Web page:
Protect your rights with a dedicated criminal defense attorney

In the American criminal justice system, defendants are to be considered innocent until they are proven guilty. As such, the prosecutors who bring charges against individuals in the criminal courts are tasked with proving all of the elements of the crimes that they allege the defendants to have committed in order to secure guilty verdicts at trial. However, as some Baton Rouge residents may know, a presumption of innocence after a criminal charge may feel like empty words during a stressful and tense pretrial period.

A criminal defendant should not simply hope that a prosecutor will fail to make their case in order for the defendant to secure their freedom. Prosecutors rely on the evidence they have on hand to determine if charges are warranted and if they have enough evidence to work with in order to make their charges stick. If a prosecutor files charges and is prepared to see a case to trial, then there is often a good chance that they are prepared to prove all elements of the charges they hope to pursue.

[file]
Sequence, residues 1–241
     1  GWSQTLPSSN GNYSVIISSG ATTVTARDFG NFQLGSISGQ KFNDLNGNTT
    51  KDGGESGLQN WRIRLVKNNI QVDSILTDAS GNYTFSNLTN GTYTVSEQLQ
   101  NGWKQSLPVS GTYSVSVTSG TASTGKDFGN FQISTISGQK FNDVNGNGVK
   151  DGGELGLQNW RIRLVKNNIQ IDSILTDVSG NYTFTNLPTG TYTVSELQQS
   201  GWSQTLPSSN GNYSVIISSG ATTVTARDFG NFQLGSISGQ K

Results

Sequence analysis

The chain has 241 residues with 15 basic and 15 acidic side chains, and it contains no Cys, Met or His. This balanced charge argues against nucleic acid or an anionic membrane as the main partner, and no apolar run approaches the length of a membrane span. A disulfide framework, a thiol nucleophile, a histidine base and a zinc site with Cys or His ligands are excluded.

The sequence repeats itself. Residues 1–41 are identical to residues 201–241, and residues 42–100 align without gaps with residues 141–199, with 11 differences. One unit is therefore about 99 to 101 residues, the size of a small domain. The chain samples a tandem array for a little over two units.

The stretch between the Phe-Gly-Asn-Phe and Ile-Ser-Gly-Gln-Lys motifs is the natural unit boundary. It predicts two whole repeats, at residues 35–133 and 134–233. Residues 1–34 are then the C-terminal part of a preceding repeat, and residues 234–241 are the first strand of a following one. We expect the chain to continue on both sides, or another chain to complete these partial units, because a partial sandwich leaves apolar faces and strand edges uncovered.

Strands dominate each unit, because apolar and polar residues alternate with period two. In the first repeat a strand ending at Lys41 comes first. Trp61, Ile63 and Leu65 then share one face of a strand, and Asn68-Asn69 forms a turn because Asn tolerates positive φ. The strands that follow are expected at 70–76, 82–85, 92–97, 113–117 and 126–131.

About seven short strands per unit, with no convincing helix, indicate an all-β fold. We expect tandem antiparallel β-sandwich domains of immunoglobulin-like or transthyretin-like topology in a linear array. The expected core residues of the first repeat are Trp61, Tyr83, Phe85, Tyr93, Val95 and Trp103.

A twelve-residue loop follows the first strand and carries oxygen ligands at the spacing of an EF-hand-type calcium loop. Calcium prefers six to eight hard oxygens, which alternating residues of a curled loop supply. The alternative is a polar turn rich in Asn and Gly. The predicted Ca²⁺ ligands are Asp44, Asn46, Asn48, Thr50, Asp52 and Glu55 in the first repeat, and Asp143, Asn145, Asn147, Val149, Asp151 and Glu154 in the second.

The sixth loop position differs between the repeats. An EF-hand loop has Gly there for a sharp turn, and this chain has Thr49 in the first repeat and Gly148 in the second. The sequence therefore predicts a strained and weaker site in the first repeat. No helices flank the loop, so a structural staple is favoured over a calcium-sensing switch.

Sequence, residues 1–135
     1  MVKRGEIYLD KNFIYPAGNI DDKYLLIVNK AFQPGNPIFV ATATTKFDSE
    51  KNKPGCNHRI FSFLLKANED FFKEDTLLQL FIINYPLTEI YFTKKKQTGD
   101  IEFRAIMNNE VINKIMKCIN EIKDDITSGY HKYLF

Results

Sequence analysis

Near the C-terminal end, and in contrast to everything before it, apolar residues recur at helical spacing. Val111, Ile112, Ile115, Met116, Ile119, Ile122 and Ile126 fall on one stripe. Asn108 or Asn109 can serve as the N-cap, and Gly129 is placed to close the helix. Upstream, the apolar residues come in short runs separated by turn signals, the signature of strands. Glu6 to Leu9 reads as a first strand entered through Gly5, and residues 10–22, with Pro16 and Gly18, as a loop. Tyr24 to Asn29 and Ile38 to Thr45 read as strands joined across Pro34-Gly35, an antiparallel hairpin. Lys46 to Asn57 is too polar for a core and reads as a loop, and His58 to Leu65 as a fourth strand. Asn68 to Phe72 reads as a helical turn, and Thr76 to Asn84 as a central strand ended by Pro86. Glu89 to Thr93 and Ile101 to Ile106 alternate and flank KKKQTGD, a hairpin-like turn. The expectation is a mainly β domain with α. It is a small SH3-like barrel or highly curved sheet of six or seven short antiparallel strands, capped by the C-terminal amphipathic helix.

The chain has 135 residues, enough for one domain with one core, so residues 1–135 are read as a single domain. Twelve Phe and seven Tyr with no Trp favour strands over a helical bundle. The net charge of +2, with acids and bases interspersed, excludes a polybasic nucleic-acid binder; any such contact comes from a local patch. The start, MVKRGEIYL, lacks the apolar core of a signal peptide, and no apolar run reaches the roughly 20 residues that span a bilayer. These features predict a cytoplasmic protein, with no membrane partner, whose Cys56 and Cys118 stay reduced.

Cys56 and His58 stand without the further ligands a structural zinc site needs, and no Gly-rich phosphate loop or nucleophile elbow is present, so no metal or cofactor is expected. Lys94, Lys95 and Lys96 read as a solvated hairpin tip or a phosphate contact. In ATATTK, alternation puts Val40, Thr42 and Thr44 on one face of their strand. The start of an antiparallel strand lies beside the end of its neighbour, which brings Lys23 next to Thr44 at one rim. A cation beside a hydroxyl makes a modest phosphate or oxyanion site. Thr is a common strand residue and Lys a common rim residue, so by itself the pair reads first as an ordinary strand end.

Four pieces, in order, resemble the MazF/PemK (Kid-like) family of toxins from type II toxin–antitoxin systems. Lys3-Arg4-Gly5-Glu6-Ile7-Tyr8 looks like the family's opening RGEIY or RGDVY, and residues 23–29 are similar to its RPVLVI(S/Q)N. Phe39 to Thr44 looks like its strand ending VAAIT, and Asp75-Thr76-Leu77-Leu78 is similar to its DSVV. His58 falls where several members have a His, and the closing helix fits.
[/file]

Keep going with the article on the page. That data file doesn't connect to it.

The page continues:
How can plea negotiation help me in my criminal case?

Television crime shows provide many Baton Rouge residents with entertainment each week but also, in a very limited and generalized way, provide a small glimpse into some of the areas of defense work that individuals may use to lighten or eliminate their pending criminal charges. One element of a criminal defense strategy that readers may be familiar with is plea negotiation, and this post will discuss in general some of the ways this strategy can help criminal defendants.